Dracula ants set record for fastest animal movement: Study

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The ant, also known asMystrium camillae, can snap it’s jaw at speeds up of more than 200 mph, according to a report inRoyal Society Open Science.

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The mandibles of the Dracula ant, Mystrium camillae, are the fastest known moving animal appendages,, according to a new study.(Photo: Adrian Smith)

An insect known as the Dracula ant has set a record for having the fastest-known animal appendage.

The ant, also known asMystrium camillae, can snap its jaw at speeds up to more than 200 mph, according to a report published in the peer-reviewed journalRoyal Society Open Science.

The quick motion is made when Dracula ants press the tips of their mandibles together, spring-loading them like a human snapping fingers.University of Illinois animal biology and entomology professor Andrew Suarez, who was involved in the research, said this motion is used to stun prey before it is brought back to the ant’s nest and eaten.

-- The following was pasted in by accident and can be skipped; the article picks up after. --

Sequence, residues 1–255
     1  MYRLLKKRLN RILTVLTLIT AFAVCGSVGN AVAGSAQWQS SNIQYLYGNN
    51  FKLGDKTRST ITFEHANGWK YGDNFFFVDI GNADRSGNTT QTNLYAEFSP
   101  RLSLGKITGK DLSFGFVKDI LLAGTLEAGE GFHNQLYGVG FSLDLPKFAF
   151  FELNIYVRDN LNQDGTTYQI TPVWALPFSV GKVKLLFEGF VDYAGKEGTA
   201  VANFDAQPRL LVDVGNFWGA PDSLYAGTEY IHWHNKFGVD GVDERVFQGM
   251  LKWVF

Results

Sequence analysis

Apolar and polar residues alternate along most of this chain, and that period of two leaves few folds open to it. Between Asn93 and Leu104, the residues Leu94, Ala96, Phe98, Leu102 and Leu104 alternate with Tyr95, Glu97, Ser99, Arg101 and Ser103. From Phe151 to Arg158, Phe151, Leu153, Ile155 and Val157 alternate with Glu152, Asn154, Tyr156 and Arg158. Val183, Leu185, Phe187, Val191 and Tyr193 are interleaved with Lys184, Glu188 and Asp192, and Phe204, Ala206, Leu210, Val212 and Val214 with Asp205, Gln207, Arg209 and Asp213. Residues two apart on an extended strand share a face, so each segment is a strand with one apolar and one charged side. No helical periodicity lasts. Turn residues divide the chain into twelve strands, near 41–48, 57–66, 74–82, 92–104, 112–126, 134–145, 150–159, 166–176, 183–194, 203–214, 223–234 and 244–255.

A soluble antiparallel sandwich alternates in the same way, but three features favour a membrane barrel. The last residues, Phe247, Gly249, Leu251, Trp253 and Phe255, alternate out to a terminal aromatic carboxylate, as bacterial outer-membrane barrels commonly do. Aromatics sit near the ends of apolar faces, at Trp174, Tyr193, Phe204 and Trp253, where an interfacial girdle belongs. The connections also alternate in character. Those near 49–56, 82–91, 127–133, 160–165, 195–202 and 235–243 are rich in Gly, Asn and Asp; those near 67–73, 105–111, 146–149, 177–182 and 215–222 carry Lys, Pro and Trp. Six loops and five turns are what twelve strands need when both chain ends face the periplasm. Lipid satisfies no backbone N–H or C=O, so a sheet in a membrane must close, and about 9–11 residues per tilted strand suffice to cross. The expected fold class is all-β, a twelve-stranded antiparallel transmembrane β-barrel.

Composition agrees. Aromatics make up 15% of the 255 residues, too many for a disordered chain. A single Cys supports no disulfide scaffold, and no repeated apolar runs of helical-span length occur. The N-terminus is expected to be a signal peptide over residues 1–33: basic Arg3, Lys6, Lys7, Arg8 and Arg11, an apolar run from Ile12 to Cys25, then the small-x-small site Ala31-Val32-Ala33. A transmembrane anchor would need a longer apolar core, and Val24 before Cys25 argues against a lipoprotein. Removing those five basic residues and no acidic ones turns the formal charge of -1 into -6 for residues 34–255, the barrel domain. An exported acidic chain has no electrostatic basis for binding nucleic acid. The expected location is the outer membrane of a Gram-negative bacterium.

“Scientists have described many different spring-loading mechanisms in ants, but no one knew the relative speed of each of these mechanisms,” said researcherFredrick J. Larabee, a postdoctoral researcher at the Smithsonian National Museum of Natural History.

The research team used special cameras and X-ray imaging to track the ant’s movements in 3D.

Dracula ants are fairly rare,Larabee told USA TODAY, and live inunderground in forests in Southeast Asia and Northern Australia.

They plan to further study how Dracula ants capture prey and defend their nests.

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Dracula ants set record for fastest animal movement: Study

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